Juvenile Drunks

Recreating (and advancing) pk’s censored domains: Macroinformation.org &
Knatz.com / Personal / Stories / Themes / Stupid Stories /

I’m sorry to report that alcohol, which had come several years after the tobacco, didn’t get similarly set aside within a similar period after my last cigarette. But get set aside it did. A couple of decades later. Again, I had a business problem to solve. Again I thought temporarily-constant sobriety would help. But I wasn’t doing it. It wasn’t the start of Lent. There was no sore in my mouth. I needed a trigger, some seed for the rain drop to form around. I was losing my trust in myself. What if I vowed? To myself? And then didn’t keep it? That would be worse to my ego than killing myself and five other people, even my family, in a wreck.

I needed a trigger. A vow would be fine, but I’d have to make the vow to someone. What friends I had were no good. I didn’t want to mention it to them. Either they had the same problem, so I couldn’t trust their conversation on this issue; or they didn’t, so ditto. Neither did I want to walk up to a stranger on the street and say, “Excuse me, but I vow to stop drinking not for a day, not for a week, but till I’ve solved my business problem.” How would they know whether I kept it? No, it had to be someone, like the doctor when I was twenty-one, who I could report to, who could see whether or not I was telling the truth. (See .) There are strangers you can impose on at their invitation, strangers you can hire. I went to a psychologist. “How can I help you?” “Tell me to stop drinking until I’ve solved my business problem.” “OK. Stop drinking.” “Thank you.” I got out my check book and got up to leave.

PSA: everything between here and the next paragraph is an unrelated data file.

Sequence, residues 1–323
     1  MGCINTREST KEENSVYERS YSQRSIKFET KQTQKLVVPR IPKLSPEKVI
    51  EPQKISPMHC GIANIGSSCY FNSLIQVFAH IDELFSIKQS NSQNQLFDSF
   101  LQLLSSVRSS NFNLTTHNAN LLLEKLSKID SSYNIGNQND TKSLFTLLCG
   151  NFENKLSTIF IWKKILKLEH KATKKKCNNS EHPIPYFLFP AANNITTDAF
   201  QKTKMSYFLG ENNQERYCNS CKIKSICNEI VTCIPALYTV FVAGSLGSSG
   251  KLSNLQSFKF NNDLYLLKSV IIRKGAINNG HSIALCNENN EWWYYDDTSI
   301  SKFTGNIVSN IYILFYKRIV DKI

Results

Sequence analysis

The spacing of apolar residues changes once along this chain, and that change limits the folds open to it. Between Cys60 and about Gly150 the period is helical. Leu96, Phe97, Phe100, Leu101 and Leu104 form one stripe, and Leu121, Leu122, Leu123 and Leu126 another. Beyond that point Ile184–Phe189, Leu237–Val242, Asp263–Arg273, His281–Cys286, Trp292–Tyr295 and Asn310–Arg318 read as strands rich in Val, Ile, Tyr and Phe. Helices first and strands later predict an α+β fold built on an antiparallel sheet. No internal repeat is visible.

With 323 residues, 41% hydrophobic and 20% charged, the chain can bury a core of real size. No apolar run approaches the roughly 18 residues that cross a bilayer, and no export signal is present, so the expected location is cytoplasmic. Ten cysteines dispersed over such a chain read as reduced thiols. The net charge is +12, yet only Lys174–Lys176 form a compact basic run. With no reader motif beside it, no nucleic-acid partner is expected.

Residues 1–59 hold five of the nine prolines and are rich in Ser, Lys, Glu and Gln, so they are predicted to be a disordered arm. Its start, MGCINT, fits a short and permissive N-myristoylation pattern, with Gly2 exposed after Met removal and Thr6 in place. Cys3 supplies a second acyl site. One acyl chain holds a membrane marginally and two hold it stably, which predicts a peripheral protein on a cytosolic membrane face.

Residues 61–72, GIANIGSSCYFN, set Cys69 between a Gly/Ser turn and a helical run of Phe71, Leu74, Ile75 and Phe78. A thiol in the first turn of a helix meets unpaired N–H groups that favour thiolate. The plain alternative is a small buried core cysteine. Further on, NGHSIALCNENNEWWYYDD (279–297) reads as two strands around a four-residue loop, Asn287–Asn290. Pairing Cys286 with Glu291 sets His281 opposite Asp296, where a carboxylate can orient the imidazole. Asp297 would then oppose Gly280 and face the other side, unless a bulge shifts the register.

“That’s it? Are you sure you don’t need something else?” “That’s it. I’ll be fine. Thank you.” “If you need to be told to stop drinking, you can’t give it up, just like that.” “Oh, yes I can. You just watch me.” “How can I watch you? You’ll never come back again.” “Oh, yes I will. I’ll make an appointment once my business problem is solved. You’ll be able to see. I intended that all along.”

Somehow she talked me into coming again the next week. She was astonished. Not that I’d been drunk at the previous meeting, I hadn’t been. Just dehydrated. Hung-over. Used-up. I’d spent a lot of time dehydrated, hung-over, and used-up. I’d never been drunk all the time. Just too often.